Increasing the glibc and Linux kernel requirements

Aug. 1, 2022 · Nikita Popov

The minimum requirements for Rust toolchains targeting Linux will increase with the Rust 1.64.0 release (slated for September 22nd, 2022). The new minimum requirements are:

  • glibc >= 2.17 (previously glibc >= 2.11)
  • kernel >= 3.2 (previously kernel >= 2.6.32)

These requirements apply both to running the Rust compiler itself (and other Rust tooling like Cargo or Rustup), and to running binaries produced by Rust, if they use the libstd.

If you are not targeting an old long-term-support distribution, or embedded hardware running an old Linux version, this change is unlikely to affect you. Otherwise, read on!

Affected targets

In principle, the new kernel requirements affect all *-linux-* targets, while the glibc requirements affect all *-linux-gnu* targets. In practice, many targets were already requiring newer kernel or glibc versions. The requirements for such targets do not change.

Among targets for which a Rust host toolchain is distributed, the following are affected:

  • i686-unknown-linux-gnu (Tier 1)
  • x86_64-unknown-linux-gnu (Tier 1)
  • x86_64-unknown-linux-musl (Tier 2 with host tools)
  • powerpc-unknown-linux-gnu (Tier 2 with host tools)
  • powerpc64-unknown-linux-gnu (Tier 2 with host tools)
  • s390x-unknown-linux-gnu (Tier 2 with host tools)

The following are not affected, because they already had higher glibc/kernel requirements:

  • aarch64-unknown-linux-gnu (Tier 1)
  • aarch64-unknown-linux-musl (Tier 2 with host tools)
  • arm-unknown-linux-gnueabi (Tier 2 with host tools)
  • arm-unknown-linux-gnueabihf (Tier 2 with host tools)
  • armv7-unknown-linux-gnueabihf (Tier 2 with host tools)
  • mips-unknown-linux-gnueabihf (Tier 2 with host tools)
  • powerpc64le-unknown-linux-gnueabihf (Tier 2 with host tools)
  • riscv64gc-unknown-linux-gnueabihf (Tier 2 with host tools)

For other tier 2 or tier 3 targets, for which no Rust toolchain is distributed, we do not accurately track minimum requirements, and they may or may not be affected by this change. *-linux-musl* targets are only affected by the kernel requirements, not the glibc requirements. Targets which only use libcore and not libstd are unaffected.

A list of supported targets and their requirements can be found on the platform support page.

Affected systems

The glibc and kernel versions used for the new baseline requirements are already close to a decade old. As such, this change should only affect users that either target old long-term-support Linux distributions, or embedded hardware running old versions of Linux.

The following Linux distributions are still supported under the new requirements:

  • RHEL 7 (glibc 2.17, kernel 3.10)
  • SLES 12-SP5 (glibc 2.22, kernel 4.12.14)
  • Debian 8 (glibc 2.19, kernel 3.16.7)
  • Ubuntu 14.04 (glibc 2.19, kernel 3.13)

The following distributions are not supported under the new requirements:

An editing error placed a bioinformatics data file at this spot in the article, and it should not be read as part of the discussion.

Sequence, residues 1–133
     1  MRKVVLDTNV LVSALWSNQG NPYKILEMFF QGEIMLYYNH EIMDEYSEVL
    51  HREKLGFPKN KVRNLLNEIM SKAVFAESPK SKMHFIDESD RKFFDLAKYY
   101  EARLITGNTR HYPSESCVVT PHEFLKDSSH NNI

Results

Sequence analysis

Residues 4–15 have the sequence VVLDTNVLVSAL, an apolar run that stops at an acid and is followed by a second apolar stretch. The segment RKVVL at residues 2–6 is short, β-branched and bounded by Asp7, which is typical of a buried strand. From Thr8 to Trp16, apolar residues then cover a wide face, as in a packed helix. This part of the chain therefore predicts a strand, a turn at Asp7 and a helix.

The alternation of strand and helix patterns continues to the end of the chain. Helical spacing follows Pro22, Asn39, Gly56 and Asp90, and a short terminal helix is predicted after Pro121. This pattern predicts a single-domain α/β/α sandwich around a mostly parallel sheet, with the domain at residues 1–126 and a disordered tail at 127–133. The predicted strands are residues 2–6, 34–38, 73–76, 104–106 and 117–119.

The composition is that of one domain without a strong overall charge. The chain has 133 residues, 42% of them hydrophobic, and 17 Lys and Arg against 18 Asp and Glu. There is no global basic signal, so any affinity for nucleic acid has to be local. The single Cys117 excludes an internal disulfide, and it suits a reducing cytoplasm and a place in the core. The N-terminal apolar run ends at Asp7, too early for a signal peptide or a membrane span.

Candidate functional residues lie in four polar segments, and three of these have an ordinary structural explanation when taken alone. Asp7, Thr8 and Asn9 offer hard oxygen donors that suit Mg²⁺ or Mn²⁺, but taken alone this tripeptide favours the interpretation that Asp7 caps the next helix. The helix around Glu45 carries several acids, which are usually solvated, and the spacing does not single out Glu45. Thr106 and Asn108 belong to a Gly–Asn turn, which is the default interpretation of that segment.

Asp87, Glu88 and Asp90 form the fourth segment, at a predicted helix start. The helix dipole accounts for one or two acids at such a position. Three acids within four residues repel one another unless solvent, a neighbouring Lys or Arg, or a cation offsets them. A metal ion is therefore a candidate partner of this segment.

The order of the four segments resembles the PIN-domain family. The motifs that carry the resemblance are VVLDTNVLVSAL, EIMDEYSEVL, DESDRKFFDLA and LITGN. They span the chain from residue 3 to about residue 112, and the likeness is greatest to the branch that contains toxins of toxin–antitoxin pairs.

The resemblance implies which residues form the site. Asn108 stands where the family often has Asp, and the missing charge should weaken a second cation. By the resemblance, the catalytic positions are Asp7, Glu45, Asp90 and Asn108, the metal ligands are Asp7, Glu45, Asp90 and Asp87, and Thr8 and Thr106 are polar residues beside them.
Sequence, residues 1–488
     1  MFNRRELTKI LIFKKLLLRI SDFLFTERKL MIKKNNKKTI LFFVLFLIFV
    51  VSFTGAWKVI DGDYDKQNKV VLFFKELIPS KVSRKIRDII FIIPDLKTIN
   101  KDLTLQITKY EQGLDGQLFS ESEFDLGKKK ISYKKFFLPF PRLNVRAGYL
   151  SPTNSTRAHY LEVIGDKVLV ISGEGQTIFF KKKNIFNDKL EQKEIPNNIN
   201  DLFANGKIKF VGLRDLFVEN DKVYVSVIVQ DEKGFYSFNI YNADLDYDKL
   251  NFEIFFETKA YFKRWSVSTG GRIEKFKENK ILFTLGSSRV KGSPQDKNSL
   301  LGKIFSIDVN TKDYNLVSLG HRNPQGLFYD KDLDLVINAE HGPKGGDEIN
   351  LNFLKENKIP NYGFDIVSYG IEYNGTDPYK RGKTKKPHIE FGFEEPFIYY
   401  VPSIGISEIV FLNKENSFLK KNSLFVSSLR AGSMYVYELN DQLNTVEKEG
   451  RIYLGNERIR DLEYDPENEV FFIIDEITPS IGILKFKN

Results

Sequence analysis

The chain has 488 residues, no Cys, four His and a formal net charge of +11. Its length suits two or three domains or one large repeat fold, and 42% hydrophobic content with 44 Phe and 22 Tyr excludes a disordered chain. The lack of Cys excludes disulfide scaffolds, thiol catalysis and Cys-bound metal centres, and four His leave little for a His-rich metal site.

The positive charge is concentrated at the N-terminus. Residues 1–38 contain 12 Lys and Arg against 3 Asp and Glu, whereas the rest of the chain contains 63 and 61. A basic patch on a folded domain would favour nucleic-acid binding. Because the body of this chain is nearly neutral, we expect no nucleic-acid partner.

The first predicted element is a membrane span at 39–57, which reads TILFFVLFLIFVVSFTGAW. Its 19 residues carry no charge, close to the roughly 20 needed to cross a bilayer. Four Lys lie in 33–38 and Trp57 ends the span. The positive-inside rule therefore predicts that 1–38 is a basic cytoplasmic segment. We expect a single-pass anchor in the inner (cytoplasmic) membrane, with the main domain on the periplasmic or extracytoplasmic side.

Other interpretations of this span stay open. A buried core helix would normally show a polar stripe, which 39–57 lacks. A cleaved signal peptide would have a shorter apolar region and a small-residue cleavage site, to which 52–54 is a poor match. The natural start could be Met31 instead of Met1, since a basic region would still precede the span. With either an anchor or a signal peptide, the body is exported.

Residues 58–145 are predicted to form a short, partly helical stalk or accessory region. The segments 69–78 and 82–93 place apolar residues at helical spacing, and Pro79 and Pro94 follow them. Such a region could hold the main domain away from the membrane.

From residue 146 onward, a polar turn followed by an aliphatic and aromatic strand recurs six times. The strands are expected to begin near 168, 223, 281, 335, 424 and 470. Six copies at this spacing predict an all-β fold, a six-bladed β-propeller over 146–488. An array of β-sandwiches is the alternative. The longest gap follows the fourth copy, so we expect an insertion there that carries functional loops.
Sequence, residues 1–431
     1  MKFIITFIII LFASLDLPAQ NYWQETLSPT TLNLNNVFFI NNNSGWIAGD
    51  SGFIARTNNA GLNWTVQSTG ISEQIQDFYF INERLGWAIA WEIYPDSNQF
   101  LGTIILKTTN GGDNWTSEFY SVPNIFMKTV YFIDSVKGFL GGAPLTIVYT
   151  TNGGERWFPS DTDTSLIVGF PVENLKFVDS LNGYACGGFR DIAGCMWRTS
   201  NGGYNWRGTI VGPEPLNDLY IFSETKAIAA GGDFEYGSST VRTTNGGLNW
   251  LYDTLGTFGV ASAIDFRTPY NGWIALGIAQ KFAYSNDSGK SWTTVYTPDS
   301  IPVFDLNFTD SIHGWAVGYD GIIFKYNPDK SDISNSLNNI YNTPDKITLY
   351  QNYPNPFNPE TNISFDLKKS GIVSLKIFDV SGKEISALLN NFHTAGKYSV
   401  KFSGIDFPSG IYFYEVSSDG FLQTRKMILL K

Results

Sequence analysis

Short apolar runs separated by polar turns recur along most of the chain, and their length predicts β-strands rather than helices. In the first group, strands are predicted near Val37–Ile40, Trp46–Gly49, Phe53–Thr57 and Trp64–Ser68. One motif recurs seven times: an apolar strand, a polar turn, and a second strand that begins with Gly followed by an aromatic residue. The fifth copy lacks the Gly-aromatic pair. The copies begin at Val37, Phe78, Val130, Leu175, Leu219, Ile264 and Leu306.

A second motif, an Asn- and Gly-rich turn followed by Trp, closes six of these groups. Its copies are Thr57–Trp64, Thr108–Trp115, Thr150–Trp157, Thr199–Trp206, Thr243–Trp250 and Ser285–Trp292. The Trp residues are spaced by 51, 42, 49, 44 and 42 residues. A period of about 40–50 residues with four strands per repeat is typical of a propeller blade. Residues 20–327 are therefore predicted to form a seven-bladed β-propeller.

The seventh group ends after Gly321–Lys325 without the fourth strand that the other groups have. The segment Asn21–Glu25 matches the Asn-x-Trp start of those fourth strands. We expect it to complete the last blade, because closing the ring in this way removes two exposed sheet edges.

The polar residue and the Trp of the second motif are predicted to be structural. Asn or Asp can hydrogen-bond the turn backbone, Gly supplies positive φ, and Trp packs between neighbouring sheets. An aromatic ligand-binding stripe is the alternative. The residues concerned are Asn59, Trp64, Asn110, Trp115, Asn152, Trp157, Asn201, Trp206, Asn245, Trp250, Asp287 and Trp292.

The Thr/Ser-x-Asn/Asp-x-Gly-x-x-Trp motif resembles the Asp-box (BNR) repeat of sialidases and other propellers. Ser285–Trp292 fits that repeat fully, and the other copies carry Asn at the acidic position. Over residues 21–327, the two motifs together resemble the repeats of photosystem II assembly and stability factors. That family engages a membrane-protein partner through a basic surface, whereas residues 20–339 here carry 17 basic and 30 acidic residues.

• RHEL 6 (glibc 2.12, kernel 2.6.32)
  • SLES 11-SP4 (glibc 2.11.3, kernel 3.0.101)
  • Debian 6 (glibc 2.11, kernel 2.6.32), Debian 7 (glibc 2.13, kernel 3.2.41)
  • Ubuntu 12.04 (glibc 2.15, kernel 3.2)

Out of the distributions in the second list, only RHEL 6 still has limited vendor support (ELS).

Why increase the requirements?

We want Rust, and binaries produced by Rust, to be as widely usable as possible. At the same time, the Rust project only has limited resources to maintain compatibility with old environments.

There are two parts to the toolchain requirements: The minimum requirements for running the Rust compiler on a host system, and the minimum requirements for cross-compiled binaries.

The minimum requirements for host toolchains affect our build system. Rust CI produces binary artifacts for dozens of different targets. Creating binaries that support old glibc versions requires either building on an operating system with old glibc (for native builds) or using a buildroot with an old glibc version (for cross-compiled builds).

At the same time, Rust relies on LLVM for optimization and code generation, which regularly increases its toolchain requirements. LLVM 16 will require GCC 7.1 or newer (and LLVM 15 supports GCC 5.1 in name only). Creating a build environment that has both a very old glibc and a recent compiler becomes increasingly hard over time. crosstool-ng (which we use for most cross-compilation needs) does not support targeting both glibc 2.11, and using a compiler that satisfies the new LLVM requirements.

The requirements for cross-compiled binaries have a different motivation: They affect which kernel versions need to be supported by libstd. Increasing the kernel requirements allows libstd to use newer syscalls, without having to maintain and test compatibility with kernels that do not support them.

The new baseline requirements were picked as the least common denominator among long-term-support distributions that still have active support. This is currently RHEL 7 with glibc 2.17 and kernel 3.10. The kernel requirement is picked as 3.2 instead, because this is the minimum requirement of glibc itself, and there is little relevant API difference between these versions.

What should I do?

If you or your organization are affected by this change, there are a number of viable options depending on your situation:

  • Upgrade your target system, or raise the minimum requirements of your software, to satisfy the new constraints.
  • If you are running the Rust compiler on an old host, consider cross-compiling from a newer host instead.
  • If you are targeting an old glibc version, consider targeting musl instead.
  • If you are targeting an old kernel version and use libstd, you may be out of luck: In this case you may have to either freeze your current Rust version, or maintain a fork of libstd that supports older kernels.